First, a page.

Ruminants and methane: Not the fault of the animals

Saturday, January 16, 2016

Cattle and sheep are blamed for contributing to greenhouse gases, belching out methane, and farmers in the future are likely to be taxed because of it.

The recent Green Left Weekly climate change liftout [issue #1078] calls for a drastic reduction in sheep and cattle numbers. There is a TV advertisement, urging people to “go vego to save the planet”. This is a gross misunderstanding of the ruminant carbon cycle.

Ruminants have always emitted methane; it is not something new. Huge herds of wild buffalo, cattle, goats, sheep, deer, cameloids and wildebeest have grazed the grasslands of the world for millions of years. The American prairies once supported greater numbers of bison than they now do cattle, despite the intensive corn and soy production that feeds them.

Methane emissions from wild ruminants was never a problem because nature does not permit waste — the methane was used as food for methanotrophic bacteria in the soil and neutralised. It was never a problem until agricultural practices started destroying these methanotrophic bacteria, which are very sensitive to chemical fertilisers and herbicides. These bacteria reactivate in biologically managed soil.

However, methane is not the whole picture. When the contribution of livestock to soil carbon sequestration is taken into account it is easy to see that ruminants do not increase greenhouse gases if they are managed well.

Grassland soils are the greatest sequesters of carbon — greater than forests. In the top one metre of soils in temperate grasslands there is an average of 236 tonnes of carbon, compared to 96 in temperate forest soils and 80 in cropland.

Grasslands need animals to stay healthy. Grasslands, when they are well managed with rotational grazing and adequate recovery time — as they are by wild herds and by shepherds, cowherds and goatherds and a rising number of graziers — pump carbon into the soil. Poorly managed, set stocked and overgrazed pastures lose carbon. It is not the animals that do the damage, it is the way they are managed.

The roots of grasses pump up to 40% of the carbohydrates they manufacture into the soil to feed microbial populations, which, in turn, release locked up nutrients from the soil that the grasses can use.

The most important of these microbes are mycorrhizal fungi, which invade the plant roots and through their mycelium networks effectively enlarge the root foraging area of the grasses tenfold, enabling the grassland to survive droughts. A by-product of this process is the formation of humus, the stable form of soil carbon.

However, the mycorrhizae are decimated by nitrate and phosphate fertilisers, herbicides and fungicides and become inactive in non-biologically managed soil.

Research at Strathfieldsaye Estate, an organic beef producing farm in Gippsland, has shown that over a period of four years of planned grazing, soil carbon levels have risen by 20-30% in the topsoil and 200% in the subsoil. This system, which many farmers are taking up, is sequestering large amounts of atmospheric carbon.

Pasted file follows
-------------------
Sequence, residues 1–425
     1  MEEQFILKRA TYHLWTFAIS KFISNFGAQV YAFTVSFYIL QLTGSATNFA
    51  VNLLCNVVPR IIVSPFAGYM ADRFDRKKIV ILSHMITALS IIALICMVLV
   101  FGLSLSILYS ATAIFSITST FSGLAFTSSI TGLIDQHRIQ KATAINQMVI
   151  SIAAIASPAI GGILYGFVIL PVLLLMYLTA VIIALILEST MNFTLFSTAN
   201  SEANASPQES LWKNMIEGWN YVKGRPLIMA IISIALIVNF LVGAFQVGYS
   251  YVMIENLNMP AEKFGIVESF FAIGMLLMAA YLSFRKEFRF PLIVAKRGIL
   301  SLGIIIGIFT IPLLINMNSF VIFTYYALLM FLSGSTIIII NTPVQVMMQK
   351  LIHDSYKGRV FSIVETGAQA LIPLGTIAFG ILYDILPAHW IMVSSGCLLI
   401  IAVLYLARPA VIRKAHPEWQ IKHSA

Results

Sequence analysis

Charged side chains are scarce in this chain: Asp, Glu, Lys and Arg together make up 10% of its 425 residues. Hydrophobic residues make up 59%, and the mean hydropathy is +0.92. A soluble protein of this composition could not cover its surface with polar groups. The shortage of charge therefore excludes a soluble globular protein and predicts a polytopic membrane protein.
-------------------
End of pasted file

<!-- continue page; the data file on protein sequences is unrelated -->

Lot feeding of cattle is an entirely different matter. The production of corn, soy and grains to feed the cattle is destructive of soil carbon, because of the ploughing that destroys soil organic matter, the nitrate fertilisers that burn it up, and the land clearing, particularly in Latin America, that is done to plant these feed crops.

There is also a huge loss from nitrate fertilisers of nitrous oxide into the atmosphere. Nitrous oxide is 300 times more potent as a greenhouse gas than carbon dioxide.

Lot feeding is an irresponsible farming activity not only for carbon destruction reasons. It is highly inefficient and produces poor quality meat. It takes at least five kilograms of grain protein to produce one kilogram of meat protein, and 40% of the world's grain harvest is fed to livestock.

Cattle are not naturally grain eaters, and being forced to eat grain damages their internal organs and invites diseases that have to be treated with antibiotics to keep the animals alive.

Cattle, goats and sheep convert cellulose that we cannot digest to milk and meat that we can, and sheep produce wool. Well managed, they take carbon out of the atmosphere and place it in the soil. They make otherwise unproductive areas fertile.

Livestock are an essential part of any ecosystem — there is not a natural land ecosystem in the world that is devoid of animals. Under organic standards all farmers must have livestock as part of their productive system, and so they should, to process crop wastes and activate the soil.

We need more cattle and sheep in Australia, not fewer. Many cropping areas have dispensed totally with sheep and replaced the role of sheep in weed management with herbicides and nitrates, the great destroyers of soil carbon. For sustainable agriculture the animals have to be brought back.

There is absolutely no justification for grass-fed livestock producers to be penalised under carbon trading, or for environmental organisations to call for stock reductions.

[Alan Broughton is a biological agriculture researcher and teacher at Strathfieldsaye Estate.]

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From GLW issue 1080